July 15, 2015 – In most American litigation, parties are responsible for paying their own litigation expenses, including attorneys’ fees, regardless of the outcome of a case.
This “pay-your-own-way” rule applies with equal force to claims arising on construction projects, subject to narrow exceptions. For example, a party who successfully prevails on a lien claim is entitled under the statutes to recovery of its attorneys’ fees.
By and large, however, the parties know going in that any litigation that ensues will be an expensive cost of doing business. This can be a severe penalty for a party who is plainly wronged by another. It can also be a powerful lever to a party making a non-meritorious claim to force meaningful settlement funds out of the other, who would otherwise necessarily have to spend the funds to defend itself.
Changing the Balance
The parties to construction contracts have the ability to change this balance by simply agreeing to the contrary if it makes sense in the context of a particular project.
In simple terms, parties can agree in their base contract that, for all claims arising on the project, the prevailing party is entitled to recover its litigation/arbitration expenses from the nonprevailing party. There are several important advantages to this approach.
First and foremost, “prevailing party” clauses serve as a powerful deterrent to litigation. For example, parties who prudently weigh the strengths and weaknesses of potential claims before commencing a legal proceeding might be less inclined to bring a lawsuit knowing that they are contemporaneously taking on the risk of paying the other party’s attorneys if they are wrong.
Second, such clauses often assist in the settlement process because they serve as a two-way lever that has the tendency to make both parties more reasonable. Third, at least an argument can be made that the objective of fundamental fairness can be best achieved by allocating the risk of the transactional costs of litigation to the party who is culpable in the first place. For these reasons, parties who traditionally were adverse to even considering such a change are frequently agreeing to exactly that.
Unless properly drafted, however, such clauses can create problems in and of themselves. Let’s start with the simple definitional question of who is the prevailing party? This would be an easy question to answer in a case posing the single issue of which party is at fault for a nonconforming condition and, thus, is responsible for paying the costs to repair. But often, construction obligation is far more complicated.
James E. Braza (Cornell 1981) is a shareholder at Davis & Kuelthau S.C., Milwaukee. He assists business and public entities in resolving, litigating and arbitrating complex commercial disputes. Reach him by email or by phone at (414) 225-1421.
For example, let’s say a contractor brings a “change order” claim against an owner to recover $5 million of additional costs brought about by an allegedly differing site condition. The owner acknowledges some funds are due, but substantially less.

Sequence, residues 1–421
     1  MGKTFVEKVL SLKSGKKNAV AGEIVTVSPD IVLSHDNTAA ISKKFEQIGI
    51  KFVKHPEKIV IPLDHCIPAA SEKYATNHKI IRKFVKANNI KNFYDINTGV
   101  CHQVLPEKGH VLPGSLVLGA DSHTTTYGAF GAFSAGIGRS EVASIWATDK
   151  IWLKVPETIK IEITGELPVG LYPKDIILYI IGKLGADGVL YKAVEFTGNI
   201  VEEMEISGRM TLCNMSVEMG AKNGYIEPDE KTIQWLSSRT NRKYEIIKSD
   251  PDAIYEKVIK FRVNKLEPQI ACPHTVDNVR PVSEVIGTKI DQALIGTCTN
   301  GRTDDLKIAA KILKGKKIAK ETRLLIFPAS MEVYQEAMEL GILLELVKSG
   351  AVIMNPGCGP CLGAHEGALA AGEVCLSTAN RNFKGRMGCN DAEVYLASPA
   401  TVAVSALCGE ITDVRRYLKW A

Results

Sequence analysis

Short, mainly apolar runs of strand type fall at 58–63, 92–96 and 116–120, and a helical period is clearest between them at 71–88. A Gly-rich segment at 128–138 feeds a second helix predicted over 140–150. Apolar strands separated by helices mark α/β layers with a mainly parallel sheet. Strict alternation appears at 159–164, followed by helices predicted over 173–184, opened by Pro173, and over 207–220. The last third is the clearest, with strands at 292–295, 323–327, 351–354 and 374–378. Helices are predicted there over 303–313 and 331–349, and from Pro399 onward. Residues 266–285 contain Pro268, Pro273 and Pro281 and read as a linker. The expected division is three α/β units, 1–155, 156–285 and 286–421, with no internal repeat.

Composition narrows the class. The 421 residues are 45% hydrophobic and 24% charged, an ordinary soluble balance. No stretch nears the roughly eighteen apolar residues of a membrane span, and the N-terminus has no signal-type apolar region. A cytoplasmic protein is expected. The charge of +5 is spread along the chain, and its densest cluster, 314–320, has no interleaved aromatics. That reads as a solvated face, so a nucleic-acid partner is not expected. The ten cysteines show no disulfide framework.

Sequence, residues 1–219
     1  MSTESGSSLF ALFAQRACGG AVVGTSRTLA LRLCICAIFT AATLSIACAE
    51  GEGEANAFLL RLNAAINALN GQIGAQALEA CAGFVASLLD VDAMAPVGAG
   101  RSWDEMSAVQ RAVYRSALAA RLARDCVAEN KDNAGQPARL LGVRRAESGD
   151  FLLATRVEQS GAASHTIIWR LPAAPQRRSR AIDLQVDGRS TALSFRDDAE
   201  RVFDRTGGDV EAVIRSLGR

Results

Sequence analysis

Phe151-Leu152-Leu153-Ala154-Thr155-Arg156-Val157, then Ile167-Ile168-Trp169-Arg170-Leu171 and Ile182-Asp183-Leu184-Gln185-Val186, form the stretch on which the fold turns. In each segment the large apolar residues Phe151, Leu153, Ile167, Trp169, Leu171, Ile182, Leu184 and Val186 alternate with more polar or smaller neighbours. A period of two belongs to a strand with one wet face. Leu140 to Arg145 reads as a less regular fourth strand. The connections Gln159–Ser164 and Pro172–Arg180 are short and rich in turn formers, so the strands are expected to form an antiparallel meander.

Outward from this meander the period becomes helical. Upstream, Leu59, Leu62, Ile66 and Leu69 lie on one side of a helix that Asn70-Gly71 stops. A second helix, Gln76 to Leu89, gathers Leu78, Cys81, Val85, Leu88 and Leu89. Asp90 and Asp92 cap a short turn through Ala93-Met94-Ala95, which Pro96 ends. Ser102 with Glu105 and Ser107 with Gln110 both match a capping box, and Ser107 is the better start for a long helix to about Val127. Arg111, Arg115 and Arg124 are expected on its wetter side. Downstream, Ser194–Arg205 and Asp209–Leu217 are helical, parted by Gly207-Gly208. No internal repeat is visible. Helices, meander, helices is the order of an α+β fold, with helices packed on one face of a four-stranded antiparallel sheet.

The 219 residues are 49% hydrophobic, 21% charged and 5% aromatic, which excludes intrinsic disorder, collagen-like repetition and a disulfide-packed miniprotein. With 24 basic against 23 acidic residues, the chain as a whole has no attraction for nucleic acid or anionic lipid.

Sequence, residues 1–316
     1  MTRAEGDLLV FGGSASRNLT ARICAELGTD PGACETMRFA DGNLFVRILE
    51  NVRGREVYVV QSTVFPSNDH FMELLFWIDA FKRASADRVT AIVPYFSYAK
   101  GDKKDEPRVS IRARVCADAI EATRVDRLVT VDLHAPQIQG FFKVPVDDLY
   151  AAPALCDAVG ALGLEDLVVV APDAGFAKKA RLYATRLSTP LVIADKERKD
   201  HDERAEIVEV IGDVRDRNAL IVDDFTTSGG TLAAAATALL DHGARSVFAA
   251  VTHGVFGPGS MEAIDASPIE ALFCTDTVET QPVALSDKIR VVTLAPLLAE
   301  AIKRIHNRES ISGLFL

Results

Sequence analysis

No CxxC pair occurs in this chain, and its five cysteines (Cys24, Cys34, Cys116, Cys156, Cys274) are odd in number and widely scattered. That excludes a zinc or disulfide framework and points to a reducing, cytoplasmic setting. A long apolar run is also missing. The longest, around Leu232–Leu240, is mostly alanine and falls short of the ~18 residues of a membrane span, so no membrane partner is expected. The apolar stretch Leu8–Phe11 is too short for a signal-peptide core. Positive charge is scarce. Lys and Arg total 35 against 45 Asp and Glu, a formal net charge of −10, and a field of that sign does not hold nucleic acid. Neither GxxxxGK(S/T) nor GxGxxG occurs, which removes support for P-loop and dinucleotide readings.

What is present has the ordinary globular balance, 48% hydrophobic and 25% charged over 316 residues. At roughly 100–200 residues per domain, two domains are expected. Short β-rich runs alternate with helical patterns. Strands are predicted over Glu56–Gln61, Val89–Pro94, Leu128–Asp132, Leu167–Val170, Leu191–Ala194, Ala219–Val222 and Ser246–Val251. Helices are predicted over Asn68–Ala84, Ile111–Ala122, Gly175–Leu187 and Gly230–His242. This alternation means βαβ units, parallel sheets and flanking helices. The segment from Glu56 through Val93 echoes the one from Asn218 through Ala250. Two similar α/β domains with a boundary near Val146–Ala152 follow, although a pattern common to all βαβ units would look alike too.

After substantial litigation, the judge finds that the contractor is entitled to relief in the amount of $150,000. Is the contractor the prevailing party such that the owner must now pay not only the $150,000 for scope changes, but also the $750,000 spent by the contractor for attorneys’ and experts’ fees? Or has the owner prevailed because the contractor only succeeded in proving $150,000 of its $5 million claim?
And what if the owner has made counterclaims, winning a $100,000 judgment in its favor on those counterclaims? Who then is the prevailing party? The unfortunate reality is that these issues, by themselves, can often lead to further litigation, only further increasing the costs and the time to achieve closure for everyone.
A second potential risk relates to the specific items and amounts of costs that the prevailing party ultimately seeks to recover. Typically, after receiving an award, the prevailing party would then make a motion for an added award of its litigation expenses.
At that juncture, and without further guidance from the contract, the sky is the limit. It is not unusual for the prevailing party to claim, in addition to its attorneys’ and expert fees, all of its “internal costs,” sometimes defined as the salary value of every employee involved in the effort, together with technical support. This, too, often takes on an expensive litigation life of its own.
These problems can be avoided, at least in part, by careful drafting. A well-articulated definition of “prevailing party” is a must. For example, the parties could define the term to mean a party who achieves a fixed percentage (say, 75 percent) of the amount claimed. Or they could agree that the judge or arbitrator has the power to determine who is the prevailing party, subject to some definitive parameters set forth in the contract.
Second, some attempt to identify in the contract what is recoverable by the prevailing party goes a long way to fending off disputes later. For example, there might be a limit on attorneys’ fees (say, 10 to 33 percent of the recovery) or even simply through use of the word “reasonable.” Certain categories of expenses can be expressly excluded, like internal costs or mark-ups on subcontractor charges.
If the right drafting is done on the front end, the advantages discussed above can be preserved while minimizing the risk of the above problems.